Ridge Takes Steps to Enhance U.S. Waterway, Port Security
American Forces Press Service
WASHINGTON, Oct. 23, 2003 -- New maritime security rules are approved
and published, Homeland Security Secretary Tom Ridge announced
today at a meeting of industry leaders in Wilmington, Del.
The Maritime Transportation Security Act, signed by President
Bush in November 2002, seeks to strengthen security at the nation's
seaports by requiring comprehensive security plans for U.S. ports
and mandating improved identification and screening of seaport
personnel. Homeland Security worked with the maritime industry
to develop the "final" rules.
Ridge said that with 95 percent of the nation's overseas cargo
carried by ship, maritime security is critical.
"These final rules, which were developed with the cooperation
and input of the maritime industry, strengthen and bring consistency
to both our nationwide maritime security program and our ability
to deter homeland security threats," Ridge said.
Homeland Security officials highlighted some of the new rules'
-- Conducting security assessments and identifying potential
vulnerabilities to help determine what security measures need to
-- Developing security plans that will allow flexibility to deal
with unique security aspects as identified in the assessment.
-- Creating a network of security personnel in the maritime industry
that will focus on security issues and provide an additional set
of informed "eyes and ears."
-- Allowing for more moderate measures under normal circumstances,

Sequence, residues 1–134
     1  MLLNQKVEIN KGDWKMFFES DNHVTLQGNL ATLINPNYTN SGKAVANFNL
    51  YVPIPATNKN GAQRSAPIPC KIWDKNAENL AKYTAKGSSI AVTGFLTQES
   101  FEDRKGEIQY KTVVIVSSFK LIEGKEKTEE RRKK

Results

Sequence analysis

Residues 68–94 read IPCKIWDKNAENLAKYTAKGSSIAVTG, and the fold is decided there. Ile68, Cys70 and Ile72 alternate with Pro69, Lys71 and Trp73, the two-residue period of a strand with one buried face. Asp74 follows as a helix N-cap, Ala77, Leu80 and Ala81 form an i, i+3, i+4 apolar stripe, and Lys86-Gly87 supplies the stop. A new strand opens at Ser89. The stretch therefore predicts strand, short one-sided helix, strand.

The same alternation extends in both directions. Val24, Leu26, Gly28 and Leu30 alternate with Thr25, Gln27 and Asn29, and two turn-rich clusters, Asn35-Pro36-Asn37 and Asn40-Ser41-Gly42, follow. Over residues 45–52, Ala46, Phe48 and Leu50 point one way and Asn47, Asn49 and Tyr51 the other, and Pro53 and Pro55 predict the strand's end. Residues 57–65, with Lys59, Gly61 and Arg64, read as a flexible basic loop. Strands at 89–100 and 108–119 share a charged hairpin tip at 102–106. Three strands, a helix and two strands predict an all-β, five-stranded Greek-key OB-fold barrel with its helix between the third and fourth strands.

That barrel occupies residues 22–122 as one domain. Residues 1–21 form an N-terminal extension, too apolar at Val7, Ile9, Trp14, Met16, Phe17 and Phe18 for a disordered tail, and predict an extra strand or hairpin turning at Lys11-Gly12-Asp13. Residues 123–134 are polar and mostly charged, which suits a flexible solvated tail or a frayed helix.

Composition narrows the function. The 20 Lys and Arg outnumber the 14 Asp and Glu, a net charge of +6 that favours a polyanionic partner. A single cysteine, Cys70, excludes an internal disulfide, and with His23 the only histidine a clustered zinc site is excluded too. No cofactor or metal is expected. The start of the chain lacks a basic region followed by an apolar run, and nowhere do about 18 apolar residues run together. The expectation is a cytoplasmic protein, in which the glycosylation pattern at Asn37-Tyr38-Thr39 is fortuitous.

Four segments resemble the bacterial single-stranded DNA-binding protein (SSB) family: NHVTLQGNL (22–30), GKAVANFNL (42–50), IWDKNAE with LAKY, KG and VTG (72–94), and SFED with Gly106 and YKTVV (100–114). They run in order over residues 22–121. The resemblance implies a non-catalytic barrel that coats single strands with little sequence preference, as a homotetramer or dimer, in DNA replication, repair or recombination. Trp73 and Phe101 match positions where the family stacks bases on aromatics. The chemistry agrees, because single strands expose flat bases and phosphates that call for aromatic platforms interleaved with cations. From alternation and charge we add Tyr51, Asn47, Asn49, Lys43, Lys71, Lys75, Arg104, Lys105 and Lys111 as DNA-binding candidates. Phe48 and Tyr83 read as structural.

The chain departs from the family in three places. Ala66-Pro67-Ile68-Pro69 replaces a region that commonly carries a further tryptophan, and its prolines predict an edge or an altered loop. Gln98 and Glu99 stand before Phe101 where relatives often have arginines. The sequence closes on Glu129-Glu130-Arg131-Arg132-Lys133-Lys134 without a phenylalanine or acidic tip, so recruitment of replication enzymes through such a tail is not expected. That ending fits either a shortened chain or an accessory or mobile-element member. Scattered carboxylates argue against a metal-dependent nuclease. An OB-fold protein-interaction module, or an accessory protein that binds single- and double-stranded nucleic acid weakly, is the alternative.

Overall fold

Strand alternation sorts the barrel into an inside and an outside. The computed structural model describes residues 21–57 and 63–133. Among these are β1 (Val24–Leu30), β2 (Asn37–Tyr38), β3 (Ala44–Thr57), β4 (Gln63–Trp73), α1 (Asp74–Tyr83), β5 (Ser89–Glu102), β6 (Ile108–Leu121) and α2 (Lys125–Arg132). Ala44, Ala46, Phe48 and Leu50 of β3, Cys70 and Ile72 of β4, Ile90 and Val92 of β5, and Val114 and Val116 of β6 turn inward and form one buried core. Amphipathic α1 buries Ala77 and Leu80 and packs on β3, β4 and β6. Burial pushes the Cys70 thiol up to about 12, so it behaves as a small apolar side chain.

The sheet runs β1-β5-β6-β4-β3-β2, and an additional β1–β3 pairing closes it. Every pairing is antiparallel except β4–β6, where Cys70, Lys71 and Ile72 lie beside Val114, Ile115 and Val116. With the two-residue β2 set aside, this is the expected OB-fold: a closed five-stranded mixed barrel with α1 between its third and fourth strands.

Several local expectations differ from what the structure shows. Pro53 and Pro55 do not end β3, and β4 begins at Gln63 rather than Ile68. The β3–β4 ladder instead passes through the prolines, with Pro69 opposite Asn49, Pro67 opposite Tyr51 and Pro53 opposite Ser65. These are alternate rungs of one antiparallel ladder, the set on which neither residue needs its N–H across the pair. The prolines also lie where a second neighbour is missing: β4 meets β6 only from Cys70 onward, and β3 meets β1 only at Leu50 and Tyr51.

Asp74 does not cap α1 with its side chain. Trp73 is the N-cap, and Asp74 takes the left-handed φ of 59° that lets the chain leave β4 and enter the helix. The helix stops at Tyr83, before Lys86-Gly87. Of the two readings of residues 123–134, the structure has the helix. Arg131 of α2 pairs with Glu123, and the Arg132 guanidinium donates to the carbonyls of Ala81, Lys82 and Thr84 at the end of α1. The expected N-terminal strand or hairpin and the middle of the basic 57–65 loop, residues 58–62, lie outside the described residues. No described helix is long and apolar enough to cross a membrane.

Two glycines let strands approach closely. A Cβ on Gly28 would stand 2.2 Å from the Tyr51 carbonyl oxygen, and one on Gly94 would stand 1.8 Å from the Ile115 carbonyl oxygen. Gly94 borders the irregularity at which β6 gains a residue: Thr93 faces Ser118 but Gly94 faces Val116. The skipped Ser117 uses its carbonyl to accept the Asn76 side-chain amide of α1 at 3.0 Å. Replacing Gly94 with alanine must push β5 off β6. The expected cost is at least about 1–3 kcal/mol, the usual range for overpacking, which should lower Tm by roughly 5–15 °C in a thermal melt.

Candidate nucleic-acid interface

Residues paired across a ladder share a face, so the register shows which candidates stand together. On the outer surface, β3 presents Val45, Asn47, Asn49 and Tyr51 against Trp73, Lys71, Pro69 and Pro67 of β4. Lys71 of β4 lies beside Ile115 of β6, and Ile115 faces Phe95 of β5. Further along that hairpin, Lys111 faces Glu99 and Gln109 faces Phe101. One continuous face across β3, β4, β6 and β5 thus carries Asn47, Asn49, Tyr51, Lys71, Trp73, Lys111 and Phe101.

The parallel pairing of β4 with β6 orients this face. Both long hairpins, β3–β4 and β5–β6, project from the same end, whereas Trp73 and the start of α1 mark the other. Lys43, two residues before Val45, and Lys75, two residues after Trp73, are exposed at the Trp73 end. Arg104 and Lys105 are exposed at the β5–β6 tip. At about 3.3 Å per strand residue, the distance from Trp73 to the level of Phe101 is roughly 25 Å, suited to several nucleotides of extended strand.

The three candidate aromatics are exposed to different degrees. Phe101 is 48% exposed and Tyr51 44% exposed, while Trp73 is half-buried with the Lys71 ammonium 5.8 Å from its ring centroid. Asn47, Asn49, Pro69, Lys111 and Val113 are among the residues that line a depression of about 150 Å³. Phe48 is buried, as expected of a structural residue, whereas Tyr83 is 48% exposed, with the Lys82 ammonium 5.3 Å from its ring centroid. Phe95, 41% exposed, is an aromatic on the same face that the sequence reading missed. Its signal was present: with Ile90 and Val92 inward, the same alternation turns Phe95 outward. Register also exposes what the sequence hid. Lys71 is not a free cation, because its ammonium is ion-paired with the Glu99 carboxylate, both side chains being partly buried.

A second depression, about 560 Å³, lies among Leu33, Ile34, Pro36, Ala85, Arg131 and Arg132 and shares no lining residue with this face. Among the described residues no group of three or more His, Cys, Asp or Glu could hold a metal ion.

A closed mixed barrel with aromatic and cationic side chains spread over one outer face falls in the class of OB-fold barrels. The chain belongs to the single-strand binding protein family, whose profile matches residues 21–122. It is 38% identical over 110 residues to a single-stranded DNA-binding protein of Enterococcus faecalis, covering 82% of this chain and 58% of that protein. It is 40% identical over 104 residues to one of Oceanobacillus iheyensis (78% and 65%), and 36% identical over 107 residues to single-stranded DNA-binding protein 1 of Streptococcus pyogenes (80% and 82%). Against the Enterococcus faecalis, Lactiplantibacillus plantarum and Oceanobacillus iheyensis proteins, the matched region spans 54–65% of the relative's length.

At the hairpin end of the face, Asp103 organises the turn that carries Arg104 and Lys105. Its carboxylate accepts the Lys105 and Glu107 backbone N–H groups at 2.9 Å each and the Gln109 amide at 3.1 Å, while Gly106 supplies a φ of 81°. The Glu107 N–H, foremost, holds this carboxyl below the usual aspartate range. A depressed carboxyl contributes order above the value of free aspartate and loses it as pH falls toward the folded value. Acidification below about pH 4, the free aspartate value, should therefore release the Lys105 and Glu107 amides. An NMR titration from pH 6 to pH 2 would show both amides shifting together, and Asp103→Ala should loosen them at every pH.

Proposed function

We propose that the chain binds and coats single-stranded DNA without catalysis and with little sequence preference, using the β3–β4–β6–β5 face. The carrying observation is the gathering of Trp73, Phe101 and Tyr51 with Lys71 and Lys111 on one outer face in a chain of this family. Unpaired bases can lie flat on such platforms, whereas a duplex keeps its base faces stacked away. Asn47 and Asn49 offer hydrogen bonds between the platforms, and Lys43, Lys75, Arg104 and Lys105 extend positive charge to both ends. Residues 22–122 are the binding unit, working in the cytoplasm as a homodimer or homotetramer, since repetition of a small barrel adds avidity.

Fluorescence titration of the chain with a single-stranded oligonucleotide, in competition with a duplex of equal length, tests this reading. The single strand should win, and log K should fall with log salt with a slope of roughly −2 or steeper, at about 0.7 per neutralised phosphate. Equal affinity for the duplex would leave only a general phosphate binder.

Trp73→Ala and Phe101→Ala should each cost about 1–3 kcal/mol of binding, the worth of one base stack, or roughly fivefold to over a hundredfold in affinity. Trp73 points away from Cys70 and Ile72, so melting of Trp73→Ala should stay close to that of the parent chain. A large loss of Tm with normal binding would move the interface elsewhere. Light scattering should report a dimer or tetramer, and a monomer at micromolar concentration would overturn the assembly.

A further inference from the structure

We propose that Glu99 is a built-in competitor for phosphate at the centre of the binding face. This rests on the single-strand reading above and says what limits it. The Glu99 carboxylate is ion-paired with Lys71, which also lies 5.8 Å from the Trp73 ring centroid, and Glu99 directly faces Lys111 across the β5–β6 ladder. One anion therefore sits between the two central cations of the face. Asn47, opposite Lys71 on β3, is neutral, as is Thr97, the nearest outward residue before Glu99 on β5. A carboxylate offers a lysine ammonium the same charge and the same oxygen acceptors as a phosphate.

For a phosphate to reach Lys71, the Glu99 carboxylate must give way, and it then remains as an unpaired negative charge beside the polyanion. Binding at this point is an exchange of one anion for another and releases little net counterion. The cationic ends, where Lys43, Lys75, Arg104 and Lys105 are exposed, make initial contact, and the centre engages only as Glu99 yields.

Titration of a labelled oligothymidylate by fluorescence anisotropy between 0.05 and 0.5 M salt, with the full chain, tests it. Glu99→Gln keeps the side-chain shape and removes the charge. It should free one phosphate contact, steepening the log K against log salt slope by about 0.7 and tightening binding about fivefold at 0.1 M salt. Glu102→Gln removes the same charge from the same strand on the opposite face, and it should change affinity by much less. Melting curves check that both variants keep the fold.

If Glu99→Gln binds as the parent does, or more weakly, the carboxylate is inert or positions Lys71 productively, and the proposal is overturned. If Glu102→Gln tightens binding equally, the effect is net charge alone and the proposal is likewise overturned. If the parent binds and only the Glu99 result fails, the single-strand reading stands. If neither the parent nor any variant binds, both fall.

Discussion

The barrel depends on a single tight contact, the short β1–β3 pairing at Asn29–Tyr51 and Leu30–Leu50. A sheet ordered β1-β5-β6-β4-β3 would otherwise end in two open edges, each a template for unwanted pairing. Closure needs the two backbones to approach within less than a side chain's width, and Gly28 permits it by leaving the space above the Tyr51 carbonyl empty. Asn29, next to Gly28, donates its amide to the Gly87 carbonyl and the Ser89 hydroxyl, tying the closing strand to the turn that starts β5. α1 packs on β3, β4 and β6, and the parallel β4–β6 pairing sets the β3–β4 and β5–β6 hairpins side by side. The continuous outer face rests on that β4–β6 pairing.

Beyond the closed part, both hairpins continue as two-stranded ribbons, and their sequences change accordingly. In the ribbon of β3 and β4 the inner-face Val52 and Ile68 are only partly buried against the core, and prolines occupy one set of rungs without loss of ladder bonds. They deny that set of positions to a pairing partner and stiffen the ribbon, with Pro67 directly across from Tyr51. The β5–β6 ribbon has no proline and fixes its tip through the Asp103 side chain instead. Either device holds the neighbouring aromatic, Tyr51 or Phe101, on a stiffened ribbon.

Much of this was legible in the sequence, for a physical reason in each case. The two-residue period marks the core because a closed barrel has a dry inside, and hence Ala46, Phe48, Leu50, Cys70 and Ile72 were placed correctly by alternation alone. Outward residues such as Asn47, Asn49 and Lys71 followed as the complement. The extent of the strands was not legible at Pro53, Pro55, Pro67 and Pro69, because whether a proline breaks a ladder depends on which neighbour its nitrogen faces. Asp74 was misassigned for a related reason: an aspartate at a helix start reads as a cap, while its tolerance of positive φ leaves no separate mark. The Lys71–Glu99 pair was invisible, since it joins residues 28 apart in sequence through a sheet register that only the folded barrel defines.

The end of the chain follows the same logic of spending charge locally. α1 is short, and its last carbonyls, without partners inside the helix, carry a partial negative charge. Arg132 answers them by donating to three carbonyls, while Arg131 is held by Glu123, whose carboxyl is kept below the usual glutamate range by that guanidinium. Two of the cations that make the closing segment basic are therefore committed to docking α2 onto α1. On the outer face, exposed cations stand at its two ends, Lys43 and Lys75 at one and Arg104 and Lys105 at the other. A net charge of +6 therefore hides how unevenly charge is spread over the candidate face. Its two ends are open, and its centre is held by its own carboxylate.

while ensuring maritime industry is prepared to tighten security
-- Installing Automatic Identification Systems aboard large ships
to increase the ability to separate "law-abiding" from "suspect" vessels
by allowing for comprehensive, virtually instantaneous vessel tracking
Ridge said the rules put "innovative protective measures" into
"We are using technology such as the new Automatic Identification
System, teamwork in designing and implementing security measures
with the private sector, and a flexible response system that government,
responders, and industry will all use to immediately increase security
to meet emerging threats," the secretary said.
The Homeland Security Department developed the final rules with
a team from the Coast Guard, the Transportation Security Administration,
Customs and Border Protection and the Department of Transportation's
Maritime Administration. The team held public meetings around the
country over the past year to ensure broad input from the maritime
industry, receiving and evaluating more than 2,000 comments and
Homeland Security officials said the final rules will mean significant
changes in security practices within all segments of the maritime
industry, including cruise ships, container ships and offshore
The Coast Guard published the new security requirements Oct.
22, replacing temporary rules issued in July.
(Information for this article was obtained from a Department
of Homeland Security news release.)